I inhaled books when I was a kid. I had a large library (for a kid) but I tended to read and re-read the same books over and over. One of my favorites was, The Value of Respect: The Story of Abraham Lincoln. This “Value” series had twelve volumes, with each book devoted to an important historical figure. (Here’s a link to the Lincoln edition: The Value of Respect). I was taken by how Abe learned respect from the key people in his life (his friends, teachers, and, perhaps most importantly, his family). Life on the frontier was hard—though I don’t recall the pictures looking all that bleak—and people lived better lives if they respected others. Naturally, since this was geared towards children, the important lesson Lincoln learned served him well later in life—like when he was president. And here I had thought his best quality was his honesty.
The fact that the events were true—or close enough, in one of those Hollywood movie ways, where stories are “based on true events”—mattered little to me. It was a cool story. For all I knew, it was a fable, like others I had heard.
Another story I assumed was some fable just might have been true too. I’d often heard of how little David stood up to the giant Goliath, and, against all odds, defeated someone significantly larger them himself. It’s such a enduring story that it became a situational archetype—one that George Lucas even refers to when he discussed Return of the Jedi (The Ewoks fighting against the Storm troopers on Endor uses this archetype).
I had no idea this was a Biblical story. But here it is in Samuel 1. Much of what I’d had heard of the story is here. Though I hadn’t heard anything surrounding this fight.
The Philistines have prepared to fight the Israelites at the Valley of Elah. King Saul, however, doesn’t like his chances against the Philistine army. Since apparently at that time, these types of battles were often decided with each side sending out a fighter and having them fight to determine a victor, The Philistines send out their giant of a bad-ass: Goliath. For some reason, the Philistines humor the Israelites for 40 days: where’s their fighter? (17:16)
The youngest of three brothers, David should be tending his family’s flock of sheep. But young David is drawn to the battle area, and even though he is rebuked by his brother for being there—he’s a little thing (just a boy), with a wicked heart for wanting to watch the battle (17:28)—David inquires casually about what happens to the man who kills Goliath—he’ll be rich, get hooked up with a wife, enjoy an ancient form of tax abatements (17:25). He volunteers.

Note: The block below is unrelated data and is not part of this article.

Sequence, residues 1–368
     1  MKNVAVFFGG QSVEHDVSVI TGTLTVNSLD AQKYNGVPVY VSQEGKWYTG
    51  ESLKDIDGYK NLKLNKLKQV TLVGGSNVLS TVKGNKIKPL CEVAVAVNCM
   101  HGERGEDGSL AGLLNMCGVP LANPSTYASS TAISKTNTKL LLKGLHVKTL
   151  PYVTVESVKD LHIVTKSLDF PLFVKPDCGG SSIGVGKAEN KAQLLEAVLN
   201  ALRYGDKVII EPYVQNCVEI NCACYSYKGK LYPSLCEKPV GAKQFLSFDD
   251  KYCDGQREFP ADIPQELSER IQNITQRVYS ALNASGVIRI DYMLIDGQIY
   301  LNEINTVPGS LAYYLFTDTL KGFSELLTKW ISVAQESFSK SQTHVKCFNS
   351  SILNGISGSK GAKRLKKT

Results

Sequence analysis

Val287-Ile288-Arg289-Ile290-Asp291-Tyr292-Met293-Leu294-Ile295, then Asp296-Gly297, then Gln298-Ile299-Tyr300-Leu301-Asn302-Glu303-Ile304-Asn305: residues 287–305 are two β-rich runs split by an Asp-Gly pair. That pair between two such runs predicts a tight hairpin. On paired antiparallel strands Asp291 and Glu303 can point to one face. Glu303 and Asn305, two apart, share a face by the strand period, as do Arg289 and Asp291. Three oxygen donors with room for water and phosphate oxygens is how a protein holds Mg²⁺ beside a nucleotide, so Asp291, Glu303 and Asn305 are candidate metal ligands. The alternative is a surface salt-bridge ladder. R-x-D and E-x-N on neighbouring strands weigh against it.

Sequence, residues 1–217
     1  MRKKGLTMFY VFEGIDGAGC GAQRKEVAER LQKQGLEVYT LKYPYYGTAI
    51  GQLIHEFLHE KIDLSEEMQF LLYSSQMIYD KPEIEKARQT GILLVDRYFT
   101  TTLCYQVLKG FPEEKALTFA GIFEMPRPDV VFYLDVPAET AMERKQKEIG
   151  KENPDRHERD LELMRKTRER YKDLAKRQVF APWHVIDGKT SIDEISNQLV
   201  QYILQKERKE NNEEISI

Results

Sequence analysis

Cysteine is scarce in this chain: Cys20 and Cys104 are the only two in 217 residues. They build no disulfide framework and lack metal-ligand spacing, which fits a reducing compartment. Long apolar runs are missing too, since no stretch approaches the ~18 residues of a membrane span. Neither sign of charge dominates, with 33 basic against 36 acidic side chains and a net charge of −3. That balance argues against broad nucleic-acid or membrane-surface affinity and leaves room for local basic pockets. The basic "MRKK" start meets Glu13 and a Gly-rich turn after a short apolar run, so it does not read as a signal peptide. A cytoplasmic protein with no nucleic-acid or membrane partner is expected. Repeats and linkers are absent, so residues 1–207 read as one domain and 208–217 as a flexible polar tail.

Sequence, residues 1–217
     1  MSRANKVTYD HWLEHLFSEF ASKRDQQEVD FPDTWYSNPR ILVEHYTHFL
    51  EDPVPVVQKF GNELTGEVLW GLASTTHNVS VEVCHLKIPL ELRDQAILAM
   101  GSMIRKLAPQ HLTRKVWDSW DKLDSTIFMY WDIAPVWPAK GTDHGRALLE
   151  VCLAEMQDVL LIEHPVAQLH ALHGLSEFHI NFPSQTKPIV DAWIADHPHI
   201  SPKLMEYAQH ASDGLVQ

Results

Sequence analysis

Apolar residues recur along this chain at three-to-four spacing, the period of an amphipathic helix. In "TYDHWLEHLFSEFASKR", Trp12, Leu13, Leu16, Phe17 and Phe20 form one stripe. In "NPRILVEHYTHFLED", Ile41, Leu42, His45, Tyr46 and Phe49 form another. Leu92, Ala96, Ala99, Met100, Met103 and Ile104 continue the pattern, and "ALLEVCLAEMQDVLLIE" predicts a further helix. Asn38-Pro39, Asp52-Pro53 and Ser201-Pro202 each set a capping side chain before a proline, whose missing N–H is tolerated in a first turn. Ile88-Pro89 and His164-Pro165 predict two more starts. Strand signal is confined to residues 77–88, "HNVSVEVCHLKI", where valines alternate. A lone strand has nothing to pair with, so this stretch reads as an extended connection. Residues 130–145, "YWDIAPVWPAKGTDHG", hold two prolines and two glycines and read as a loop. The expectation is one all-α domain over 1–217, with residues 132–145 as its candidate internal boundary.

Plenty of people attempt to dissuade him, but he will not be detoured. He even passes on the offered armor. Instead, he chooses five smooth stones for his slingshot.
At the battle line, he gives a nice, short speech about God being on his side and then, just as it starts, it’s over: one shot to Goliath’s head and the giant falls. David wins. With so much build-up you almost wished they’d drawn this out, but there it is.
But there’s much more to this story—one man’s stupidity is another man’s bravery—than David overcoming a physically superior enemy.
Understandably, the fight makes David a celebrity. Back then, it turns out you had to actually do something of value to become famous. But, to his credit, David takes this in stride—he never forgets who got him there (the Lord) or who he needs to respect (the king). Yet the action that saves Saul’s kingdom makes a jealous person out of King Saul. In fact, for most of Samuel 1, Saul hunts David.
David does a bang-up job avoiding the king, which shows his smarts too. But out of all of his qualities associated with his fight against Goliath, the one that didn’t have a chance to surface and is perhaps MOST noteworthy of David is his compassion. Most people would take offense at having someone being hired to kill you—okay, maybe it’s just me—but David doesn’t. Given two opportunities to kill Saul (24:4; 26:7), David passes, choosing instead to respect the king (even when he shouldn’t).
Given how much David is trotted out to teach a lesson about believing in yourself, especially against bad odds, it seems that his story should be given more mention about his acts of compassion.